The Intestinal Barrier Dysfunction as Driving Factor of Inflammaging

Nutrients. 2022 Feb 23;14(5):949. doi: 10.3390/nu14050949.


The intestinal barrier, composed of the luminal microbiota, the mucus layer, and the physical barrier consisting of epithelial cells and immune cells, the latter residing underneath and within the epithelial cells, plays a special role in health and disease. While there is growing knowledge on the changes to the different layers associated with disease development, the barrier function also plays an important role during aging. Besides changes in the composition and function of cellular junctions, the entire gastrointestinal physiology contributes to essential age-related changes. This is also reflected by substantial differences in the microbial composition throughout the life span. Even though it remains difficult to define physiological age-related changes and to distinguish them from early signs of pathologies, studies in centenarians provide insights into the intestinal barrier features associated with longevity. The knowledge reviewed in this narrative review article might contribute to the definition of strategies to prevent the development of diseases in the elderly. Thus, targeted interventions to improve overall barrier function will be important disease prevention strategies for healthy aging in the future.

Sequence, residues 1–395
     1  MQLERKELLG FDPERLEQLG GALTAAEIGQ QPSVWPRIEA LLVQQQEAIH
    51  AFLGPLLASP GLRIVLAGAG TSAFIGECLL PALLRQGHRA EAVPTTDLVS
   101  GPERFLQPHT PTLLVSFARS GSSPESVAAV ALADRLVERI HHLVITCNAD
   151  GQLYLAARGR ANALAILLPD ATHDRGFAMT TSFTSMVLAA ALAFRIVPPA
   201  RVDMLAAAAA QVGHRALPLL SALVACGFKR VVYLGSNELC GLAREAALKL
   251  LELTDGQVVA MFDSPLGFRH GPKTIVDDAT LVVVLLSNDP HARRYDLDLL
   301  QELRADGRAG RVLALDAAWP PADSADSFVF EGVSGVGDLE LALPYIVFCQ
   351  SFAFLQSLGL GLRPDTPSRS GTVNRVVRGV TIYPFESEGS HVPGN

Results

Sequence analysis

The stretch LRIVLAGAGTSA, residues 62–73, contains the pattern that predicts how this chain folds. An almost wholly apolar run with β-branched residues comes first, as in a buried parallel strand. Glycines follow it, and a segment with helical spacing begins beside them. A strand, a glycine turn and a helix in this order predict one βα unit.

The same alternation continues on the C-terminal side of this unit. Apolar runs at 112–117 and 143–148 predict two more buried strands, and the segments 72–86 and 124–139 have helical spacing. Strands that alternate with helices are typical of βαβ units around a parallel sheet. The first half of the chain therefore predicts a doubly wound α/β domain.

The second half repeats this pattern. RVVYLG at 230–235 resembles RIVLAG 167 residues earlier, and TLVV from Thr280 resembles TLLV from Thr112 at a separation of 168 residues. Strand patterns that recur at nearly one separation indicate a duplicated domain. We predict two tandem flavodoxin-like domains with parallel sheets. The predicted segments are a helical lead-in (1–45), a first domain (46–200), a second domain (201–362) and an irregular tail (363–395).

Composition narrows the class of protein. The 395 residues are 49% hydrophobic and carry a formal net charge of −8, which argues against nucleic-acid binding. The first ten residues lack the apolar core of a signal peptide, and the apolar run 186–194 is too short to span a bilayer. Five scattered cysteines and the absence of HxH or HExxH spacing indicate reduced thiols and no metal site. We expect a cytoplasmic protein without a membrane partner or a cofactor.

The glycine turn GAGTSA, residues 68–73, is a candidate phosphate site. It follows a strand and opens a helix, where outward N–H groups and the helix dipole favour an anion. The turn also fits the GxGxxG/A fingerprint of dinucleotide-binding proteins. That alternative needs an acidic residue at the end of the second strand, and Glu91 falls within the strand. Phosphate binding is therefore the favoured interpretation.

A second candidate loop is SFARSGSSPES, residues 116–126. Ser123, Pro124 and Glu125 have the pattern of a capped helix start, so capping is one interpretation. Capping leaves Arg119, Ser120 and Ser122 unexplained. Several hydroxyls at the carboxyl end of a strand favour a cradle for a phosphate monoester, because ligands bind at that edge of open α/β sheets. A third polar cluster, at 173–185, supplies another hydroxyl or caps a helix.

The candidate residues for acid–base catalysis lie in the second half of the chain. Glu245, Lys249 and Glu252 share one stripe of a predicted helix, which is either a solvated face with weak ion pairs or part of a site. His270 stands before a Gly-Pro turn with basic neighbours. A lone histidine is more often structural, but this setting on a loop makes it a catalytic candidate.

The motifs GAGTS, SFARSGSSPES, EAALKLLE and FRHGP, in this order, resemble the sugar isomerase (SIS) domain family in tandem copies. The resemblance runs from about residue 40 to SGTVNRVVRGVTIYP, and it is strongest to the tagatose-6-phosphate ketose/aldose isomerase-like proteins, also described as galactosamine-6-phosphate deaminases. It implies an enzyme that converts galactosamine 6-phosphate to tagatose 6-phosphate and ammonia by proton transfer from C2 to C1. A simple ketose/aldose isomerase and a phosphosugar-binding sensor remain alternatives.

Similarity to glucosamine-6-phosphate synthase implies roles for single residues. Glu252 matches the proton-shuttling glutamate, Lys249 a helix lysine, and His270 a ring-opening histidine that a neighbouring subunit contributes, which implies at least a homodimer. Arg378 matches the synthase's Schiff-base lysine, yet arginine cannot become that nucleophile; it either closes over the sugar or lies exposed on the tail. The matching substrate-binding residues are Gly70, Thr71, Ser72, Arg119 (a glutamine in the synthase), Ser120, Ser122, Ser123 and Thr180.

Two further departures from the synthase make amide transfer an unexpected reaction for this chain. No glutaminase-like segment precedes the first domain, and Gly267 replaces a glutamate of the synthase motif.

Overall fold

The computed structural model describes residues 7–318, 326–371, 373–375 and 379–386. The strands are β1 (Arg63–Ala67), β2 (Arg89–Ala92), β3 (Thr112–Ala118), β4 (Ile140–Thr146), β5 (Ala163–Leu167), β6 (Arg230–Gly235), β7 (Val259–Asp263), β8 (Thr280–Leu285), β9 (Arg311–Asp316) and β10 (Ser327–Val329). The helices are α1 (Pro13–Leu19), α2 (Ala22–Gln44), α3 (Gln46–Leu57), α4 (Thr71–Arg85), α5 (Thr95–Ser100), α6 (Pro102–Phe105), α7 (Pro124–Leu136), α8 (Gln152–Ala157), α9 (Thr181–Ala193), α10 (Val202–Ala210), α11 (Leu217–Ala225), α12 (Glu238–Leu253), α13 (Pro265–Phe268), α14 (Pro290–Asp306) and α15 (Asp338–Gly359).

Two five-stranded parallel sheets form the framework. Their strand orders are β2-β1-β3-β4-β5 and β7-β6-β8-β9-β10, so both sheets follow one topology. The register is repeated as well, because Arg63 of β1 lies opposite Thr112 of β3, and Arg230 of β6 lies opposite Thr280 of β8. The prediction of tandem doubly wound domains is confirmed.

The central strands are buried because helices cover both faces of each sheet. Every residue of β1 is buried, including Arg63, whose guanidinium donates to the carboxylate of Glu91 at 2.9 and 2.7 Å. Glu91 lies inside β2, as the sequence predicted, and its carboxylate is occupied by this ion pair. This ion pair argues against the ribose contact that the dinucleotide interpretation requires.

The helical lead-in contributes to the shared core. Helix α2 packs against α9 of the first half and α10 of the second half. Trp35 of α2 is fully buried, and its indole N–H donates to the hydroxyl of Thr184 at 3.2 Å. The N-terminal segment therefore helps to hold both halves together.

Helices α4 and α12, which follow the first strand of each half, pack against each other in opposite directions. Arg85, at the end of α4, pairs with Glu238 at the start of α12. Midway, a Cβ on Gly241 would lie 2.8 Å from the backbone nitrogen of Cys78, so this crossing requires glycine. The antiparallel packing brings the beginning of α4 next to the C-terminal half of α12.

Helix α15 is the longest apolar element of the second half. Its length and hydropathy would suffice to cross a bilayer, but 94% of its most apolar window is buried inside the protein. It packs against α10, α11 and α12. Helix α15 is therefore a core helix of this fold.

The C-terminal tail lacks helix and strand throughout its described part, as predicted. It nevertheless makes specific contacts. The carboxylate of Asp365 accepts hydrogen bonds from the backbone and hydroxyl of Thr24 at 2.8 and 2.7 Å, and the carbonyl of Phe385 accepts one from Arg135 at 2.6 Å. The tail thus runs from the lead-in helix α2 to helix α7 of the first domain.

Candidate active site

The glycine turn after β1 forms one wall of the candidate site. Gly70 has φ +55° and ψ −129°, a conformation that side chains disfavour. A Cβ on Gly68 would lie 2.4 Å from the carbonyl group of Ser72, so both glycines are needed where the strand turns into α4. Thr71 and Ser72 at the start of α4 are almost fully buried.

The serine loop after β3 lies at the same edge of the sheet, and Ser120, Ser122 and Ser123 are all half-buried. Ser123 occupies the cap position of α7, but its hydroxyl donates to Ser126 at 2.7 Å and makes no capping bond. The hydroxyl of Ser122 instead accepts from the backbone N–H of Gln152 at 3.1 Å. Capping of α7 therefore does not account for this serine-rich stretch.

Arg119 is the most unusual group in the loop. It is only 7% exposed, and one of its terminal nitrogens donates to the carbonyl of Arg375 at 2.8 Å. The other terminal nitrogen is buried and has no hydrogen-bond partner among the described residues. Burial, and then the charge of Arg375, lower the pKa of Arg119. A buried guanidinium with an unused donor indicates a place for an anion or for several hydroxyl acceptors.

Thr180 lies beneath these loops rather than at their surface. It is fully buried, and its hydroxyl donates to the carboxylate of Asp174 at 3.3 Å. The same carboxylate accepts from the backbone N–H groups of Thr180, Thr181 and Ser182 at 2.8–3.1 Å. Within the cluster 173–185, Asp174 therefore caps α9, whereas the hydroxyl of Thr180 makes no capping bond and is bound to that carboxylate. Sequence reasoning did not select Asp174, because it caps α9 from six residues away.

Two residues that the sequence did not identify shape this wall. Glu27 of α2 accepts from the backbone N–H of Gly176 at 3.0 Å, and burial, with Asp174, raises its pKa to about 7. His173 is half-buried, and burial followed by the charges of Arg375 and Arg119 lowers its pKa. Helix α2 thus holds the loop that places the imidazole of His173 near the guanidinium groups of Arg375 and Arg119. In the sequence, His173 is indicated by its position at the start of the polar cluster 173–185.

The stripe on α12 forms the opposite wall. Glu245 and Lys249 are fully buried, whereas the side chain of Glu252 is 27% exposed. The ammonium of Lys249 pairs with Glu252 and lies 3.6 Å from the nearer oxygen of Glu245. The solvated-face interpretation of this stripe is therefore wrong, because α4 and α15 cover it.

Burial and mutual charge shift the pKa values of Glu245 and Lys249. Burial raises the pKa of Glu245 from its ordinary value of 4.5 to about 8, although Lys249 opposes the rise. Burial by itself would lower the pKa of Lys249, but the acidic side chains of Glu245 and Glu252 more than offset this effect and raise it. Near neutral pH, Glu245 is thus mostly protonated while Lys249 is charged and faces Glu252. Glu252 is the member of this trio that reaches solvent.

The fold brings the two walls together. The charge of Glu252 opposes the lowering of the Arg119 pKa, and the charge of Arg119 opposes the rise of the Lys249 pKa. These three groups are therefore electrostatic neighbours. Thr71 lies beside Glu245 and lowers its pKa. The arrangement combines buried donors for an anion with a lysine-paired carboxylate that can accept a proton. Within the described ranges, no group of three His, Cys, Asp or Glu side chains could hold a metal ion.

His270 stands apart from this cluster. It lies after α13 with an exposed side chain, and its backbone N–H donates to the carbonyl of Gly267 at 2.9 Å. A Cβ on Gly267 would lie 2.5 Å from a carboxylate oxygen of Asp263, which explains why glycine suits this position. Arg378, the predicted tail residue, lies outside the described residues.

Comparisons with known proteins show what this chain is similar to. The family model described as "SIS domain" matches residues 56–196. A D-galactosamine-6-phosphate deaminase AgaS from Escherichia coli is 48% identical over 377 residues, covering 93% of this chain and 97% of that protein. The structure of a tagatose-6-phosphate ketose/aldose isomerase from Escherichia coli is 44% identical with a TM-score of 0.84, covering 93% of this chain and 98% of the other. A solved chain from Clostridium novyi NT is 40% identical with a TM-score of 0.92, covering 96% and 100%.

Keywords: aging; inflammaging; mucosal barrier.

Publication types

  • Review

MeSH terms

  • Aged
  • Aged, 80 and over
  • Aging
  • Gastrointestinal Diseases*
  • Humans
  • Intestinal Diseases*
  • Longevity
  • Microbiota*